Tuesday, May 1, 2012

The Art of Racing in the Rain, by Garth Stein

Enzo knows he is different from other dogs: a philosopher with a nearly human soul (and an obsession with opposable thumbs), he has educated himself by watching television extensively, and by listening very closely to the words of his master, Denny Swift, an up-and-coming race car driver.

Through Denny, Enzo has gained tremendous insight into the human condition, and he sees that life, like racing, isn't simply about going fast. Using the techniques needed on the race track, one can successfully navigate all of life's ordeals.

On the eve of his death, Enzo takes stock of his life, recalling all that he and his family have been through: the sacrifices Denny has made to succeed professionally; the unexpected loss of Eve, Denny's wife; the three-year battle over their daughter, ZoË, whose maternal grandparents pulled every string to gain custody. In the end, despite what he sees as his own limitations, Enzo comes through heroically to preserve the Swift family, holding in his heart the dream that Denny will become a racing champion with ZoË at his side. Having learned what it takes to be a compassionate and successful person, the wise canine can barely wait until his next lifetime, when he is sure he will return as a man.

A heart-wrenching but deeply funny and ultimately uplifting story of family, love, loyalty, and hope, The Art of Racing in the Rain is a beautifully crafted and captivating look at the wonders and absurdities of human life . . . as only a dog could tell it.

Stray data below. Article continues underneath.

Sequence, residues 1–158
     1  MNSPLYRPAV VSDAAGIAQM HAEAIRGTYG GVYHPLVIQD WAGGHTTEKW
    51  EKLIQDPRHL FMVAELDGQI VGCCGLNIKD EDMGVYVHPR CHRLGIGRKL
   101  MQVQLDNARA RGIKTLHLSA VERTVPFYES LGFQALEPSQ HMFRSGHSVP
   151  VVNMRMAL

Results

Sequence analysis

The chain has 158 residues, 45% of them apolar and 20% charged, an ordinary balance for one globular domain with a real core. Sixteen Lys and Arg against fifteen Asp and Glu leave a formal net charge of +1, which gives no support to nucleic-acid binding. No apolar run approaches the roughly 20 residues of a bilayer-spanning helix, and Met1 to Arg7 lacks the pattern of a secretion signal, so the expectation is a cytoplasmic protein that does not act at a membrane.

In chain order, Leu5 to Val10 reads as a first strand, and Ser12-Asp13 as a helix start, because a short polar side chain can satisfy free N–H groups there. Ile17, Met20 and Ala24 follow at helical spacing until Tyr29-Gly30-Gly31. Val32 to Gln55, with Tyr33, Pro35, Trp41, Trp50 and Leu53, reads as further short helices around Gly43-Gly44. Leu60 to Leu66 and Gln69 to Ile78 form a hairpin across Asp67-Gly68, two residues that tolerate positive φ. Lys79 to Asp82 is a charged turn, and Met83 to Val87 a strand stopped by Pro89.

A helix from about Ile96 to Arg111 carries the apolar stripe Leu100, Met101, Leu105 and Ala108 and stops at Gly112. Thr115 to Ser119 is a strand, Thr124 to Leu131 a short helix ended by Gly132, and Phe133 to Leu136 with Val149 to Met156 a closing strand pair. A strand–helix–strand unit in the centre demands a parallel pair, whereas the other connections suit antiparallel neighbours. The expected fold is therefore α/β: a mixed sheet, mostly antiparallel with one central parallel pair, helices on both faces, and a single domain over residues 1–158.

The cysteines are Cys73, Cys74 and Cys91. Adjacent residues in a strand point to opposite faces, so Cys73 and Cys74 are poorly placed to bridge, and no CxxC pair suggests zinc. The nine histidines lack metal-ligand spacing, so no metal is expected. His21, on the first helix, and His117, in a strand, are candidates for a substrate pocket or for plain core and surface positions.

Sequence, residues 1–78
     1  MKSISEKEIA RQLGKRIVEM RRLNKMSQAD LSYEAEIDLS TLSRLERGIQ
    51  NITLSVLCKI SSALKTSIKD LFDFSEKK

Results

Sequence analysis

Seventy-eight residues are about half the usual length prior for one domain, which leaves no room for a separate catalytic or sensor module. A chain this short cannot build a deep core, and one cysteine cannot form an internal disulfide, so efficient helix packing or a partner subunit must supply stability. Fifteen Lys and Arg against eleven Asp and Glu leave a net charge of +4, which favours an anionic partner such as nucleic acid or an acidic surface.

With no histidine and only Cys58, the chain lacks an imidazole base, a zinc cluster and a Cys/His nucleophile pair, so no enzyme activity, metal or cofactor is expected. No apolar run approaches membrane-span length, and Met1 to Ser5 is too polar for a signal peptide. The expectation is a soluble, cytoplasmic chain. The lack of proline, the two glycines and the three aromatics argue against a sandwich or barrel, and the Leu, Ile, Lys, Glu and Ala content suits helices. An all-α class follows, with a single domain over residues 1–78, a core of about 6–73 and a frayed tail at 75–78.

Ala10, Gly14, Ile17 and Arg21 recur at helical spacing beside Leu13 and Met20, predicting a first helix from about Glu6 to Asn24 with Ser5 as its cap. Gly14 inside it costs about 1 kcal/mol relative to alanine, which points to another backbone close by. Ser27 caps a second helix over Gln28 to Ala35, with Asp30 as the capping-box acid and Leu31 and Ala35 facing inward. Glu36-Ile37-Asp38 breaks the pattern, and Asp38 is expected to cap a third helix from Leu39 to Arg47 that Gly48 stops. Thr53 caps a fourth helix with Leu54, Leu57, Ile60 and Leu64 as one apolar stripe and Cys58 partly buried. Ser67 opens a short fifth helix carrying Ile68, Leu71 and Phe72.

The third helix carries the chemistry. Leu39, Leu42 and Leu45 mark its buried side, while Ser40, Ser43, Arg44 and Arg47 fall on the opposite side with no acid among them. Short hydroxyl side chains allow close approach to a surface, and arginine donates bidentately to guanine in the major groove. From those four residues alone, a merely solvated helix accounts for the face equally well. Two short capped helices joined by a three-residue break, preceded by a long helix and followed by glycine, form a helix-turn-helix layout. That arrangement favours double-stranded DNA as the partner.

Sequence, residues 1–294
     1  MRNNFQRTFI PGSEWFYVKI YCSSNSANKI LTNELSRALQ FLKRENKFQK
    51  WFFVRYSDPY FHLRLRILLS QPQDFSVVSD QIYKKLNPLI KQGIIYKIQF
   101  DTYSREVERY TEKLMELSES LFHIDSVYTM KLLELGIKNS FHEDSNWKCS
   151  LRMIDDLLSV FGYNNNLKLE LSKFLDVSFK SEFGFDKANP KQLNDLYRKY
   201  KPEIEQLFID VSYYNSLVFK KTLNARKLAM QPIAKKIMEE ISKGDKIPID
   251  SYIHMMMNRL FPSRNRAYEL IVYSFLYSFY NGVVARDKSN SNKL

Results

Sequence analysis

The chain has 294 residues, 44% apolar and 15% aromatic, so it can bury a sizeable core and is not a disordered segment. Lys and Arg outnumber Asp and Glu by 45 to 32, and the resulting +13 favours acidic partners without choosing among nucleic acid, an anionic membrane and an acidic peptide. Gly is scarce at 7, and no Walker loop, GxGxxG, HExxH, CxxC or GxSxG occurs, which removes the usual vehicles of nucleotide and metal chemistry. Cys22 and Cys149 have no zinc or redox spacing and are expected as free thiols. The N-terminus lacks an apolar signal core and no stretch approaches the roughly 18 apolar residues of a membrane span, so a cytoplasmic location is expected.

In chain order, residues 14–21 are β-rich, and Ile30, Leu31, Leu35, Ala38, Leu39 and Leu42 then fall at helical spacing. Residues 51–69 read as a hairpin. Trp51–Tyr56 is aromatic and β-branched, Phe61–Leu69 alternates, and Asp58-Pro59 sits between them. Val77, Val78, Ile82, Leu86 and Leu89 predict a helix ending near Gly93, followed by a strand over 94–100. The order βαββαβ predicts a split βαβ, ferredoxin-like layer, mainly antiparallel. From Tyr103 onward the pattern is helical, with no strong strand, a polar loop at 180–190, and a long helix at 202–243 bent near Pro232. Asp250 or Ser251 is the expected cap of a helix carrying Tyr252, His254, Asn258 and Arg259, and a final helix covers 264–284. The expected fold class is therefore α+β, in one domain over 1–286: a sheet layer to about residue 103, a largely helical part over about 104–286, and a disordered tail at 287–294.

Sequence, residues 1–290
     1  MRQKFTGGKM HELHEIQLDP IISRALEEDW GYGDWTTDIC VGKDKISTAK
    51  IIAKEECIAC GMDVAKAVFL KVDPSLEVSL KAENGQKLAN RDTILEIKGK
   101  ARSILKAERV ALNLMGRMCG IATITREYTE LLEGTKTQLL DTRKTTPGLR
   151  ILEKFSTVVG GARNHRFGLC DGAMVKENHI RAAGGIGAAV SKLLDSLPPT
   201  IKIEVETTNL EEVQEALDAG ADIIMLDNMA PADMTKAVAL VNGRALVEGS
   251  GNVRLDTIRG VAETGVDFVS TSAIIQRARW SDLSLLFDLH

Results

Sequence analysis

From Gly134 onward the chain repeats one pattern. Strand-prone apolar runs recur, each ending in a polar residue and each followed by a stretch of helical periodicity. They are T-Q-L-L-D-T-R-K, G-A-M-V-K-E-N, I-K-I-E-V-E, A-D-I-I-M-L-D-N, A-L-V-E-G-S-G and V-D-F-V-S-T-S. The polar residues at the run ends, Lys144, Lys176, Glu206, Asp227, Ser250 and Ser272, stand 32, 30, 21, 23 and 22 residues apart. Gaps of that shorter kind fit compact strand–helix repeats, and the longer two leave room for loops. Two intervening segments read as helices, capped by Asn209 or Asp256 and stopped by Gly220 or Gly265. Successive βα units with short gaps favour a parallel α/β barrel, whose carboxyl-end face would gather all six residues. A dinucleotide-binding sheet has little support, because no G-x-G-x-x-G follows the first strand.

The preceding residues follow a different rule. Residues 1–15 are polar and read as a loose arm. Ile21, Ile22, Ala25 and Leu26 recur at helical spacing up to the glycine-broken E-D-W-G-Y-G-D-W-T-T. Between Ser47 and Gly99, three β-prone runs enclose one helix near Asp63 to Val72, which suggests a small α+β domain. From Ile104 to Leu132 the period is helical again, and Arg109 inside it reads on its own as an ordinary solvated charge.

1. OK,first an apology for not posting the last couple of months. I had already read the selections, didn't want to reread, and didn't feel fresh enough to post. However, I will draw upon my memory of this book. First of all, when I read it I was not a dog owner. I found it sad, but liked the dog perspective. I'm sure if I reread it now that I own a dog it would be a different read. I was left with the feeling that life is not fair, but you do the best you can.

  2. I avoided writing a comment, since it seemed fewer and fewer were writing them, and my opinion of this book was a bit more personal than the others. Nicole has broken the ice, so I will plug ahead...

    I read this book about a year ago having borrowed it from Mom. I really liked it, especially the seemingly insightful way the author writes from the dog's point of view, his love of television, his religious belief he would return as a human, and all. I am not much of a racing fan, but the metaphor for what was going on in this family's life was striking.

    While liking the book, I cannot say I enjoyed reading it, however. I tend to be particularly sensitive to injustices, and the behavior of the grandparents, and to some extent the wife before she passed, were repugnant. I read with increasing frustration as the wife never stood up to her parents about the father, which left him open to the horrors that her selfish parents unleashed after she was out of the way, using the niece (another selfish brat) as a convenient excuse.

    The author played the situation correctly, though, and was patient. He used the skills of patience and perseverance learned while racing to slowly achieve vindication and get his daughter back. I doubt that I would have been able to do that. I certainly would not have been able to forgive the grandparents afterward. There were too many years lost.

    So while I enjoyed the book, it made me angry. However, its lesson of perseverance and patience is something I should strive to master.